Quadcopter control using Spiking Neural Networks05 Jun 2016
This one dates back to 2015. This was the topic of my bachelor’s thesis, which was admittedly left incomplete. Find the report here.
Spiking Neural Networks hit that sweet spot between biological neural networks and artificial neural networks (although now RNNs and CNNs are struggling to take over). To better understand how they function, we thought about using them to solve a well-known complex control problem - balancing and flying a quadcopter.
The first step was to understand quadcopter flight dynamics. The quadcopter is inherently an unstable system - the smallest uncorrected angular deviation in pitch can send the quadcopter flying out of control. PIDs (compensatory mechanisms that worked by controlling the four rotors) were simple and efficient solutions to this problem. In the first leg of the project, we designed a control algorithm directly taking the dynamical equations of the system into account. Our algorithm outperformed PIDs, and could recover the quadcopter from a multitude of states (including crazy upside-down states).
Having understood quadcopter dynamics, we wanted to move ahead to bring in the SNNs. The roadblock was severe. How were we supposed to use SNNs to fly a quadcopter? There were multiple options -
- Learning algorithms such as ReSuMe,
- Evolutionary methods such as NEAT,
- Hand-assembling a network,
- Understanding a natural control system such as the cerebellum and trying to re-purpose the mechanisms.
(4) is a hard problem, but would definitely be interesting to address someday. We weren’t aware if somebody had used (1), but I wasn’t really impressed by the method. Also, the training would require data from the control system we developed, and we were not sure if the the algorithm would generalise and ‘go beyond’ - which would be the point of using a learning algorithm. (But maybe the ‘i-dont-like-it’ factor weighed heavier) (2) was used in a paper successfully, but not with SNNs (NEAT with SNNs is a computationally-heavy routine).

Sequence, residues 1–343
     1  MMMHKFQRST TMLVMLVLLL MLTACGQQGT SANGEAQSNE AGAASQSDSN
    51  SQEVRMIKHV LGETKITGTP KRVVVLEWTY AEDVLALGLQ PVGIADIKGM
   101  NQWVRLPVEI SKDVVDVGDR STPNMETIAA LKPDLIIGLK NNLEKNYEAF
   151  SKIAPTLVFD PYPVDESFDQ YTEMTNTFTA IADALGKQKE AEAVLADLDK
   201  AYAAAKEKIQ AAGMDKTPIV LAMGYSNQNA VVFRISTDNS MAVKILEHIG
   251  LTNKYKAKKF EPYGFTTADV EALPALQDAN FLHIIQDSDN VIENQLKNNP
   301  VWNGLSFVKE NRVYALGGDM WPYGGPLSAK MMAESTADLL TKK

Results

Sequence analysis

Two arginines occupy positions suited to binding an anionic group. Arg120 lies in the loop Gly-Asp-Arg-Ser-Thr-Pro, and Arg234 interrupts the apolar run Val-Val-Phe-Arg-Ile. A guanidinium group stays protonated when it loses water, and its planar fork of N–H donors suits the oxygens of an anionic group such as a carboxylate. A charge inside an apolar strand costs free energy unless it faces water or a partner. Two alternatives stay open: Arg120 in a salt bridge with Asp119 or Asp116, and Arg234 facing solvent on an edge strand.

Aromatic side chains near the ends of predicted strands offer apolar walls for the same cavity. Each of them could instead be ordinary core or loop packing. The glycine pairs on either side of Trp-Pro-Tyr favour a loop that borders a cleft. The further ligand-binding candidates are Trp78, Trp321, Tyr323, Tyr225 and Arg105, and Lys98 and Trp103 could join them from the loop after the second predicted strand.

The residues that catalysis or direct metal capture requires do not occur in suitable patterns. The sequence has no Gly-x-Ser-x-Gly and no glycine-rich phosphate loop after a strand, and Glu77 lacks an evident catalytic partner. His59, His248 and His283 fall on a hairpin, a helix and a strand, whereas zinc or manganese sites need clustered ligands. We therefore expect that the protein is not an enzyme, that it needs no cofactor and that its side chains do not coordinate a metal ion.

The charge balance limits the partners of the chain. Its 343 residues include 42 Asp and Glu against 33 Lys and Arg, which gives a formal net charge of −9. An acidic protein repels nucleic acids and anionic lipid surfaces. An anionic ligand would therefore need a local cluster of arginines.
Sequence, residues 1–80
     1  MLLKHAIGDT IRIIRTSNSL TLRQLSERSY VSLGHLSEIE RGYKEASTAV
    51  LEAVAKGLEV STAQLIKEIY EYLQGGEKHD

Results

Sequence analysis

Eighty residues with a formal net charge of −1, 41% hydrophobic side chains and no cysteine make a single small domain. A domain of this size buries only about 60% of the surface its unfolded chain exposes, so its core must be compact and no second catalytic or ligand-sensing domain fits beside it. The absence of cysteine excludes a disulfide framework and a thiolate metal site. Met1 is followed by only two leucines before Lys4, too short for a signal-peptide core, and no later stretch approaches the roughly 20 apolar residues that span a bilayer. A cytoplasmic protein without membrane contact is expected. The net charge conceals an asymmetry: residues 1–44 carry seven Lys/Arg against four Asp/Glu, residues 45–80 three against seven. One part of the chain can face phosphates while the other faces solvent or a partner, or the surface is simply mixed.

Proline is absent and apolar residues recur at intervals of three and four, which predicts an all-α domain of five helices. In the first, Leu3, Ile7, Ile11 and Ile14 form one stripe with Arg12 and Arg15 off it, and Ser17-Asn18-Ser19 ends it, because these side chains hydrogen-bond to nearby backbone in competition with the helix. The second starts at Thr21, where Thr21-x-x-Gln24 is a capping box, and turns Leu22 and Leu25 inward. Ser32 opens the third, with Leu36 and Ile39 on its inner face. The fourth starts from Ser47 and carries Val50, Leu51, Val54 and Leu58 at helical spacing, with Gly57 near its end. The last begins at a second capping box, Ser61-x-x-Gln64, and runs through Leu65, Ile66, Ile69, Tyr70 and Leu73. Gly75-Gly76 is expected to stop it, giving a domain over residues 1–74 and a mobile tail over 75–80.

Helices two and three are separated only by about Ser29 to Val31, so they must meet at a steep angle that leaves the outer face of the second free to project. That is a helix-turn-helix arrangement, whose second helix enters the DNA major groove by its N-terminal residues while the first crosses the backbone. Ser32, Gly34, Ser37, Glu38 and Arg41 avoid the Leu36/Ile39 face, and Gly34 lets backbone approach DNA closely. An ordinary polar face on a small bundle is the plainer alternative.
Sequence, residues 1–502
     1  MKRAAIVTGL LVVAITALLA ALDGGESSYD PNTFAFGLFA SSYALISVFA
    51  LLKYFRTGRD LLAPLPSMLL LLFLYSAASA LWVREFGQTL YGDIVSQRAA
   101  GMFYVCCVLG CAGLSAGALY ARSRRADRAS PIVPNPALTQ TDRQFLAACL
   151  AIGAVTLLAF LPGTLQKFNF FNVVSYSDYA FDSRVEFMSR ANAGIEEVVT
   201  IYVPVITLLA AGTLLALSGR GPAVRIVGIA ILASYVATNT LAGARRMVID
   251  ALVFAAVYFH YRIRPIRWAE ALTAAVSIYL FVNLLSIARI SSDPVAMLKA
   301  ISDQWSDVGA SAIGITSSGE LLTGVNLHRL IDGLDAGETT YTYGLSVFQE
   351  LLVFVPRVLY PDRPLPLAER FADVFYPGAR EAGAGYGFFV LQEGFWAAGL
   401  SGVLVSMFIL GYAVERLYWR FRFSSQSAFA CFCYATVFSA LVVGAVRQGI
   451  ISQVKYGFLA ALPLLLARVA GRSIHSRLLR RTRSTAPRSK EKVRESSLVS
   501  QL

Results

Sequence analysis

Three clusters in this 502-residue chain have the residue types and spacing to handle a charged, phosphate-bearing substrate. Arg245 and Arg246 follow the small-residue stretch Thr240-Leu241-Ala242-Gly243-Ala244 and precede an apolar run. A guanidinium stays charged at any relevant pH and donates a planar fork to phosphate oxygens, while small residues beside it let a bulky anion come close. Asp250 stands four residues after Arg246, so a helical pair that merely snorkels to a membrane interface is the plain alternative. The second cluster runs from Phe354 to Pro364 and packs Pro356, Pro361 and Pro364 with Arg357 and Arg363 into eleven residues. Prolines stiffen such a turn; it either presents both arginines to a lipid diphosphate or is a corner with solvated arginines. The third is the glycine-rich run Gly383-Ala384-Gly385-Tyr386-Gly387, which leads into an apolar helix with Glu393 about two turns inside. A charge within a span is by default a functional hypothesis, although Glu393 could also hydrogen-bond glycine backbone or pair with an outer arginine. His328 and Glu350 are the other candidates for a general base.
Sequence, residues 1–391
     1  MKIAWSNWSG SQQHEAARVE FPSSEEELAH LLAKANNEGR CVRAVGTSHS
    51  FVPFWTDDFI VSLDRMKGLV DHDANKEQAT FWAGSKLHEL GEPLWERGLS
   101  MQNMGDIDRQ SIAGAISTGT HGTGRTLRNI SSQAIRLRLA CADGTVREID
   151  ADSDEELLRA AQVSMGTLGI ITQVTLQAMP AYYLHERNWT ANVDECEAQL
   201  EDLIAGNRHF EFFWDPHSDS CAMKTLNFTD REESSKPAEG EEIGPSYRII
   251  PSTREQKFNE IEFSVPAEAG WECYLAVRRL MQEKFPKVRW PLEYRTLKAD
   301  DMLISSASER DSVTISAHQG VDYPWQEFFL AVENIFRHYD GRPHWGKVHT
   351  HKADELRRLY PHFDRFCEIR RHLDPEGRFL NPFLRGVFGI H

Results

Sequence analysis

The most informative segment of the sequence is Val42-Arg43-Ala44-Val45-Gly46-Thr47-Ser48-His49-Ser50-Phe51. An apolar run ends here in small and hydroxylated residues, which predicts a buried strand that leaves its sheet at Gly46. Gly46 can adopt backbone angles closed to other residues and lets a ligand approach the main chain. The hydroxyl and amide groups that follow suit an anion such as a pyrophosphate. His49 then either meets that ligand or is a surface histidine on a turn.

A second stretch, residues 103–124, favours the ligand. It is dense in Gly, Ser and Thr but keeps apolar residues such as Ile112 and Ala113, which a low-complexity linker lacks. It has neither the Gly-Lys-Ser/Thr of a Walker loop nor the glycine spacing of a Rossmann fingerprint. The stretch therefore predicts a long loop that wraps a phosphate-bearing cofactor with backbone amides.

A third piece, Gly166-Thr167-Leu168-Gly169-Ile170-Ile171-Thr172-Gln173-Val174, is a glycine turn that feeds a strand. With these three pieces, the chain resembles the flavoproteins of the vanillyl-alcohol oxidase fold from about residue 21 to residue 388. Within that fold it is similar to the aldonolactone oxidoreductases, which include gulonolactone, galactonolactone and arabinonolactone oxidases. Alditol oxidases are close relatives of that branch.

So, were we supposed to hand-assemble the network? That sounded sour. But then my advisor hinted at building plug-and-play spiking network modules which could be assembled to emulate any control algorithm. We were focussed on the basic arithmetic operations - addition, subtraction, multiplication and division - which mostly are sufficient for implementing simple control systems. Also, the control algorithm we designed in the first leg of the project used only polynomial operations. So, we set out on this path, and we came up with a method which lets one implement any polynomial transform on real-time spike trains, and published a paper about it. (I will discuss the details in another post)
It so turned out that the time lags involved in the more complex operations such as multiplication of variables raised to some power, were huge. It became extremely hard to combine the modules we designed to emulate the control algorithm we had built. By that time, my time at IIT Bombay was up, and the project was left unfinished. As tempting as the approach sounded, I now think that it wasn’t the best way to proceed.
It would be interesting to get around the time lag problem, but I’d put my bets on another approach. In any case, it was an awesome experience trying to bend SNNs to our will - seems we lost.